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Chattanooga Challenge

The time I discovered…

savannah sherard

United States

The gear was checked for a third and final time before hauling it down to the calmly flowing Chattooga River. Upstream was a narrow creek hidden under a lush, green canopy. A small yet audible rapid provided a lovely soundscape along with the clamor of insects and the occasional birdcall. The sandy bank, riddled with mica, glittered as the full moon rose above the ridge.
I awoke at dawn to a twinge of trepidation running up my spine as I accepted my role. I, a novice backpacker, would lead my two dogs and dear friend Cait along 15 miles of protected wildlife corridor trail. Cait, an elementary educator, had never been backpacking, was allergic to everything, and had never even pooped in the woods. I was honored she trusted me to lead her first real excursion but needless to say, it was not only the weight of the pack I felt riding on my shoulders.
The trail was pristine in spring green and ours alone to behold! Four creek crossings were marked between trailhead and our intended campsite. After crossing the twelfth creek via well-placed bridges that maintained the vibrant riparian zone, we examined the map. In a tiny notation we found it was charted in ‘81! Needless to say, the watershed had changed substantially over thirty-five years.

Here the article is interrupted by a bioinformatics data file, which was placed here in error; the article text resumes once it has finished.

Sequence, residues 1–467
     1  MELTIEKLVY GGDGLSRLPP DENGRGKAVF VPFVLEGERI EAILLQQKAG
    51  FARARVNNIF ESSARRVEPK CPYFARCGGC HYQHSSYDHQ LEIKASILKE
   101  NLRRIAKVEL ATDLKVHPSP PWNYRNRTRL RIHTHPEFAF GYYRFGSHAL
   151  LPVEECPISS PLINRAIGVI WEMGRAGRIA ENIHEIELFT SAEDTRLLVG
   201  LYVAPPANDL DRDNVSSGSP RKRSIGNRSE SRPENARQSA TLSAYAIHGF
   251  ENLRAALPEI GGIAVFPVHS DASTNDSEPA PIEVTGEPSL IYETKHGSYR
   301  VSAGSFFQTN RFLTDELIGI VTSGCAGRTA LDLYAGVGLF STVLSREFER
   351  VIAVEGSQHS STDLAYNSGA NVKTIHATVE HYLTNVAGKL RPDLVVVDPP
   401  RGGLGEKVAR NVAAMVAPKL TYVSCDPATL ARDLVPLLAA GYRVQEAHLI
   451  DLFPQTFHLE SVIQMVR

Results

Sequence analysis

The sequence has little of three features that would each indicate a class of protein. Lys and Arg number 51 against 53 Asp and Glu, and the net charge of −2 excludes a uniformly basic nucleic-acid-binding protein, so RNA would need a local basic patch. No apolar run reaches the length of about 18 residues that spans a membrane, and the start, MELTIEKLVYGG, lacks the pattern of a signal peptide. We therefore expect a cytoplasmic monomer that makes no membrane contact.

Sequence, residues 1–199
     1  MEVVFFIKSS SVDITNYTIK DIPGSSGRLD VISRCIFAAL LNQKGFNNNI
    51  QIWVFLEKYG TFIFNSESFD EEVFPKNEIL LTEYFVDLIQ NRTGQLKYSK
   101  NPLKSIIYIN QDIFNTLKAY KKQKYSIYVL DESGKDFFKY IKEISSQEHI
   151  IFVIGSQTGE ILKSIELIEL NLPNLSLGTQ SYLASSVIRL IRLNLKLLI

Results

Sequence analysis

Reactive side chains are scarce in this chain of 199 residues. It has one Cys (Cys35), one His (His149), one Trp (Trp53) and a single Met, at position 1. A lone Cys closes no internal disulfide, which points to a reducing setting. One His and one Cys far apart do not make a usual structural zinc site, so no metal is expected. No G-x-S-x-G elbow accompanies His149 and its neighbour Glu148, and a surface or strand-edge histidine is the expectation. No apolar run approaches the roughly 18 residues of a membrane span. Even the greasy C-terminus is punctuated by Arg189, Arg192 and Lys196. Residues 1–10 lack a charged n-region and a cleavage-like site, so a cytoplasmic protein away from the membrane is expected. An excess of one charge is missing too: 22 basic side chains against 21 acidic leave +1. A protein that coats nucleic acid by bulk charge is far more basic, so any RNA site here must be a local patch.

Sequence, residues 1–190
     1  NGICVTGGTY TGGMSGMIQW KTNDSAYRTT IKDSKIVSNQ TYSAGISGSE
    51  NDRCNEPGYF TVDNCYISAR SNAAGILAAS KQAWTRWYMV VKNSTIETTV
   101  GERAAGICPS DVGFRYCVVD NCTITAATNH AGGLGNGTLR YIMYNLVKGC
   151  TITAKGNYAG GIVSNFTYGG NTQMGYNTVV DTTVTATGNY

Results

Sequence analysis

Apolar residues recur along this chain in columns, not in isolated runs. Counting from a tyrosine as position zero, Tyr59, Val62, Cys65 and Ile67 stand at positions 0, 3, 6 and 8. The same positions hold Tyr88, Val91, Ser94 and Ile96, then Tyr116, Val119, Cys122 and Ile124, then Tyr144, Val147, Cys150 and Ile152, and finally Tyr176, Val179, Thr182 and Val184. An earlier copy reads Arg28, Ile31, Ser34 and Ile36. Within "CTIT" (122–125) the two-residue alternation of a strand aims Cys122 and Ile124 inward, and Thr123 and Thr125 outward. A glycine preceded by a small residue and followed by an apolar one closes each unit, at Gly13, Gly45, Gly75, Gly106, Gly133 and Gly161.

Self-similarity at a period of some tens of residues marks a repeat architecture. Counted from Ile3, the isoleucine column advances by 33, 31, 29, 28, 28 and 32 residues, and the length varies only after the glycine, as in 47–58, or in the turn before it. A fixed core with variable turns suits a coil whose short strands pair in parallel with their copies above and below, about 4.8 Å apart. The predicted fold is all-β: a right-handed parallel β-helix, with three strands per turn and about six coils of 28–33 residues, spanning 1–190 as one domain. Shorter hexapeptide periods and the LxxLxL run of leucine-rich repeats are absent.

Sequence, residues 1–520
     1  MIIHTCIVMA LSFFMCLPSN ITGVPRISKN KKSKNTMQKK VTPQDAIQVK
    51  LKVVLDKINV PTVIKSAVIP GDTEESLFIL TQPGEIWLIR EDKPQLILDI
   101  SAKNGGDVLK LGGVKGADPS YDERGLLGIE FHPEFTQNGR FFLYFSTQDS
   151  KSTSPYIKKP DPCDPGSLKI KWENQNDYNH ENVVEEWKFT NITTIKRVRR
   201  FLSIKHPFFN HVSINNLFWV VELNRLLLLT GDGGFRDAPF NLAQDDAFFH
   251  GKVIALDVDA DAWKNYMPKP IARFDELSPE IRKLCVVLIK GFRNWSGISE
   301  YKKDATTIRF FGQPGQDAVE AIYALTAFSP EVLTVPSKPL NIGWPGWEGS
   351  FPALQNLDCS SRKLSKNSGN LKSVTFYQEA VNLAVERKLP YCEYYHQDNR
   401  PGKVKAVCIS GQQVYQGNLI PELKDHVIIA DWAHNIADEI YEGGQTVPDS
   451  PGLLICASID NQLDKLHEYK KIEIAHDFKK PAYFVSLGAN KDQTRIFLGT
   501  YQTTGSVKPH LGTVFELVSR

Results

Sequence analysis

Dusk was falling as we found an unobstructed view of the river complete with a small, gurgling rapid to sing us to sleep.
Merrily we marched the next morning until we came to an unexpected crossroads. The trail had been littered with blazes but now we saw nothing. We ventured down different paths in search of a trail marker or distinguishing feature, but found nothing. We made an educated guess with a compass and outdated map; we might as well have flipped a coin.
We traipsed down the chosen trail for an hour before finding the next blaze that confirmed our decision. Relieved, we sauntered through the verdant tunnel until we reached a road that crossed Warwoman Creek. Once safely on the far shore we followed the road briefly, sloshing in our boots, to a horse camp.
My feet were sore, swollen, and blistered; my face ached from smiling and laughing constantly for three days. Dusk fell and the meadow came alive with more fireflies than I had seen on every other night of my life combined. The moon rose over the gleaming river as the far sandy bank glittered with mica. I discovered the prolonged moment, a brief eternity spent in adulation of something so simple yet grand as the land we stand upon every day.

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